Negative values of PV can be spotted in different regions (Fig. 2) where the flow strongly interacts with the topography: (i) along the slope of the Great Bahama Bank, downstream of the Bimini Islands (26°N, 79.3°W); (ii) along the western part of the Little Bahama Bank; (iii) at the southern tip of the Grand Bahama Island (26.5°N, 78.8°W); and (iv) on the northern side of the Great Bahama Bank (26°N, 78.5°W). The last two locations correspond to the interaction of a cyclonic eddy trapped in the Northwest Providence Channel, which separates the Little Bahama Bank from the Great Bahama Bank (Fig. 1b). It is a recurrent and observed feature of the local circulation17. PV at all the aforementioned locations is dominated by its vertical component. The negative values are obtained through a combination of stable stratification and strong negative values of vertical vorticity. Negative values of PV also coincide with high energy dissipation (Fig. 1b).
The sequence of processes consists of three different steps: negative PV generation within the bottom boundary layer; separation of the negative PV strip from the slope; and intense small-scale instabilities and energy dissipation in the separated wake (Fig. 3). The negative PV sheet forms along the bottom slope where vertical and horizontal scales of the boundary sheared layer are locally about 50 and 500 m with a cross-shelf bottom slope as high as 0.1 along the Grand Bahamas Bank (Fig. 3a). Given a current of 0.5–1 m s−1, we can evaluate the scale of the vertical vorticity in the boundary layer as , which is consistent with the instantaneous maximum relative vorticity values in the simulation. The model has 100 levels in the vertical with grid stretching near the bottom such that the vertical resolution does not exceed 2 m in the boundary layer in the region of strong topographic vorticity generation.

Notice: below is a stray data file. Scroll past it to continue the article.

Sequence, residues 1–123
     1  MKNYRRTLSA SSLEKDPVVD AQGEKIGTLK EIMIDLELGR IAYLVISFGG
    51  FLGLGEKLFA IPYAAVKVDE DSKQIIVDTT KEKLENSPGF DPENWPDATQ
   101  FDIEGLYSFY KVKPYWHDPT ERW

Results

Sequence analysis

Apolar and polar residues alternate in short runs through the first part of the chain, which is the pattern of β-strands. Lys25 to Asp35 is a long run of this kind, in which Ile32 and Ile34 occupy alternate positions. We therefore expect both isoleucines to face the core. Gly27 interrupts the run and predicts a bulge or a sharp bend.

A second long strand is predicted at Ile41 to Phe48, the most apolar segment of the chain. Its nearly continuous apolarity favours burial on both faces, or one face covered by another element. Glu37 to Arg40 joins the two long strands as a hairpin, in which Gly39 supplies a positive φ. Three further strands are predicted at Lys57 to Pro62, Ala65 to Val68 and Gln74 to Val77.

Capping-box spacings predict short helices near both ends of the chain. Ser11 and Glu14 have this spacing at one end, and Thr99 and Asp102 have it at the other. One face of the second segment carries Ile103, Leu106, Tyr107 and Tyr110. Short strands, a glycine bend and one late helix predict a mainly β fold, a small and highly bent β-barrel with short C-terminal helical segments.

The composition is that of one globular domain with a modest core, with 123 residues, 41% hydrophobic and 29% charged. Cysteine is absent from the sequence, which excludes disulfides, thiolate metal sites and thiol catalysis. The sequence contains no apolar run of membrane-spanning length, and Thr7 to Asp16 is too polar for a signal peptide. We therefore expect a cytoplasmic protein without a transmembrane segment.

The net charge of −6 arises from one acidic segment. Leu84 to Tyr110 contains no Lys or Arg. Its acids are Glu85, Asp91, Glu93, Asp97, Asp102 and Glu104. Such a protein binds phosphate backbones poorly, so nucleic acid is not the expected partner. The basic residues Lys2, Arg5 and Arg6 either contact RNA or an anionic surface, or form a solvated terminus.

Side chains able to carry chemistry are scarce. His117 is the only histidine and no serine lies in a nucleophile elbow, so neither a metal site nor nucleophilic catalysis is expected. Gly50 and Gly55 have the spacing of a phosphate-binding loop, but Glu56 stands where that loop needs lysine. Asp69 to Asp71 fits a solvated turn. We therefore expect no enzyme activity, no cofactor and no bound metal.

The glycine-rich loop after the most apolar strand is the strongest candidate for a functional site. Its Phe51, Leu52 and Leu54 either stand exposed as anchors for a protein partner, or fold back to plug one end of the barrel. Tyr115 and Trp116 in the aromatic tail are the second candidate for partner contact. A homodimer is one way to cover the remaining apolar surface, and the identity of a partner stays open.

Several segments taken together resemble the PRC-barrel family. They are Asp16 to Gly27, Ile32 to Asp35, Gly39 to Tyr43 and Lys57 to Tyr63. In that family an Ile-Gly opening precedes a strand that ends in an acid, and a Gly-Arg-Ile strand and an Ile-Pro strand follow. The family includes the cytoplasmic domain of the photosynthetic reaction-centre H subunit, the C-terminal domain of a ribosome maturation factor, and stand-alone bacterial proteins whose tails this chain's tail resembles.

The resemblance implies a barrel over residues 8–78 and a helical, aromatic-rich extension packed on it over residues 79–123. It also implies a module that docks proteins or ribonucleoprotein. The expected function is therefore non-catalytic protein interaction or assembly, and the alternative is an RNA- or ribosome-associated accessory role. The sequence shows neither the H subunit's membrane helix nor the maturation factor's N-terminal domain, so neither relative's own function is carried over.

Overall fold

A change in the sign of PV is a sufficient condition for instability in an unbounded fluid16. The instabilities that arise can extract their kinetic energy from the eddy potential energy (EPE) through the vertical buoyancy flux (VBF, see ‘Methods’ section) or from the MKE through a combination of the vertical shear production term (VRS) and the horizontal shear production term (HRS). Centrifugal (or inertial) instability is triggered when the relative vorticity is smaller than −f and extracts its energy mostly from the lateral shear (HRS>0)18. The positive conversions from mean to eddy kinetic energy (EKE) seen in the regions of sustained negative potential vorticity generation (Fig. 4b,d) are due to the lateral shear. The vertical shear production term is an order of magnitude smaller (Supplementary Fig. 1). The vertical buoyancy flux term (Fig. 4e) is negative in the region of instability. This is indicative of centrifugal instability, and it is consistent with the results obtained from comparisons of model and linear instability analysis for the California Undercurrent13.